One of these a day and you’ll be well on your way to a robust network gleaning insights into the health and medical writing business and finding new clients.

Writing as patient care

I remember a rough day, one of my last days in the hospital. I had a patient immobilized from the waist down and fresh out of surgery who could. Not. Stop. Peeing. In her amnesiac withdrawal from anesthesia, she was rapidly cycling through refusing to use a bedpan and demanding a bedpan. It was madness. An hour of back-wrenching linen changes and getting yelled at.

I can not tell you now how much I miss even those days. As a complete digression, I am made crazy by the challenges faced by nurses (and all clinicians) on the hospital floor, how it is everything but the patients that drives us mad. How many of us are forced to choose between the career we worked to hard for, our calling, and our own health and family. The American Journal of Nursing addresses the concern.

But hospital or no, I observe and I care and I’ll never not be a nurse.

Today I spent a minute in the Sylvia Plath exhibit at the National Portrait Gallery. Visiting with my son for a family event I just happened to pass the small room of framed letters and photos. I dragged him in, promised a treat if he’d chill for just 5 minutes, and let him tap sounds out of the installation of bell jars while I read.

In her letter, pinned just below a smiling photograph of Plath taken 6 months prior with her two very young children, I saw the lines that made it clear why a week from that day she would be dead by suicide.

She was getting over a terrible flu. After much distress, she had left her husband with babies in tow. Fled the comfort of their country home to a flat in London. It was the first week of godforsaken February. The longest, darkest, depressionest month.

February 4, 1963
“Everything has blown and bubbled and warped and split—accentuated by the light and heat suddenly going off for hours at unannounced intervals, frozen pipes, people getting drinking water in buckets and such stuff–that I am in a limbo between the old world and the very uncertain and rather grim new.”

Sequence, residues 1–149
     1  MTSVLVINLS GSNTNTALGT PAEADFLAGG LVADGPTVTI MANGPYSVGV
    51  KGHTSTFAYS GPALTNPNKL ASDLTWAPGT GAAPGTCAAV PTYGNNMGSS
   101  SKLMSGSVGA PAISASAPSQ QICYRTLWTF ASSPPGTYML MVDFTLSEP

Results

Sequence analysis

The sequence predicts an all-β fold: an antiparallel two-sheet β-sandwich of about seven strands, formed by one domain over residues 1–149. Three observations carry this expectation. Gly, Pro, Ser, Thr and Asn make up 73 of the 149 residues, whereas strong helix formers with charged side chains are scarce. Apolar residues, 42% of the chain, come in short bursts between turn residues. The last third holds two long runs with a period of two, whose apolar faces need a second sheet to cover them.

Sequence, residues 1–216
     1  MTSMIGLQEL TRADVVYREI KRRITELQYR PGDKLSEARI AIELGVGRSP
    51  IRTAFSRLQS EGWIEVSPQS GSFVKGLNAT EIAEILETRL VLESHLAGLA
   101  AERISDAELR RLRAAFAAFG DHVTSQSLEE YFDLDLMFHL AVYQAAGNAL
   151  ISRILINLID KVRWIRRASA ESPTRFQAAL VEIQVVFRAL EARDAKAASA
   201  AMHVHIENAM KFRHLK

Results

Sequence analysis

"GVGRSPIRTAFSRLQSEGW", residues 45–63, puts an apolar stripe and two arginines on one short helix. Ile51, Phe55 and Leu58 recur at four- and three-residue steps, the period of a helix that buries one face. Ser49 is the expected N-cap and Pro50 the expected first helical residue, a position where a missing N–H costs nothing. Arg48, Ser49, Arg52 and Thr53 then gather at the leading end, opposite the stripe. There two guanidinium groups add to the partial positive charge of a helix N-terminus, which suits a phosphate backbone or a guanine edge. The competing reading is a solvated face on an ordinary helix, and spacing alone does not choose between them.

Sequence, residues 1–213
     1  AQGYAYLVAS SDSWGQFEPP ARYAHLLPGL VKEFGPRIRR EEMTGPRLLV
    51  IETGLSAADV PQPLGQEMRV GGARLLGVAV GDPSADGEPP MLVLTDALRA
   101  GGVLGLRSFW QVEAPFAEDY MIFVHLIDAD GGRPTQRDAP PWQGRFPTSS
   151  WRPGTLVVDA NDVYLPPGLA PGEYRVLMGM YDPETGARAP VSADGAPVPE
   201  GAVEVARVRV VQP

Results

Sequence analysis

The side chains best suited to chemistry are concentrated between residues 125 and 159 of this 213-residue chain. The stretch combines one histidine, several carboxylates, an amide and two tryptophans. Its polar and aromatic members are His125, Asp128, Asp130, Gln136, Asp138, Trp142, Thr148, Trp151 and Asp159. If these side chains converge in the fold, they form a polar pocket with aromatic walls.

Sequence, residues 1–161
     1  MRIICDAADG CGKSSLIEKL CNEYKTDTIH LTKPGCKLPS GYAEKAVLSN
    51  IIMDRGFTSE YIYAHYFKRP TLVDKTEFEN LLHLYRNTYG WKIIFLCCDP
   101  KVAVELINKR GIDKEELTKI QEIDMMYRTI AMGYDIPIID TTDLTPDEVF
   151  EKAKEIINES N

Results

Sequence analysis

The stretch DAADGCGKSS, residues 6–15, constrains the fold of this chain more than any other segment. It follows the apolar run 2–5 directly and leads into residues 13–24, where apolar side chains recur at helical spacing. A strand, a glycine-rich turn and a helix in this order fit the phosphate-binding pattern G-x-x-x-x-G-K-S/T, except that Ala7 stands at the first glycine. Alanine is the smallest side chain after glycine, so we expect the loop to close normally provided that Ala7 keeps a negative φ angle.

So here is where writing can be patient care. Always be assessing, always be educating. You can do it with a dead mid-century poet if it makes a piece of writing.

Plath is in a volatile state, the responsibilities of motherhood on her shoulders, just separated from the comfort and support of friends and familiar places. The pipe freezing signals her loss of control. Her limbo between old and uncertain and grim? An expression of hopelessness.

It’s no revelation that Sylvia Plath was depressed a few days before her suicide. But by seeing her as not an hysterical artist inclined to shuffle off this mortal coil at a moment’s notice, and instead as a person, mother, a sufferer of a common condition, she is a

I recognize her words as if they were my own read back to me. Because they were my own, not long ago. The remark “I long to have somebody really play with and love the babies…They are so beautiful and dear and will in effect have no father.” This kind of loneliness, where you seek for someone to share love for your precious child, is crushing. And in the worst of depression: losing the ability to play with you babies, lacking energy, lacking interest. Having failed to mother, life’s most important task, why keep fighting? For me, someone noticed. And they got me help.

Hearing words like those of Sylvia Plath in her last days come from the mouths of friends and family should spur action. Recognize a mental health crisis. Help us take care of each other better. Be there at the bedside.

And as a writer, considering anyone who reads this my beloved patient, now you know. I’ve told a story that educates you. Listen for that tenor of in the speech of the people you care about. And to recognize it in yourself. Like a good nurse, assess, then act.

Also, why isn’t February Mental Health Awareness month? It is rough out there, folks. Take care of each other.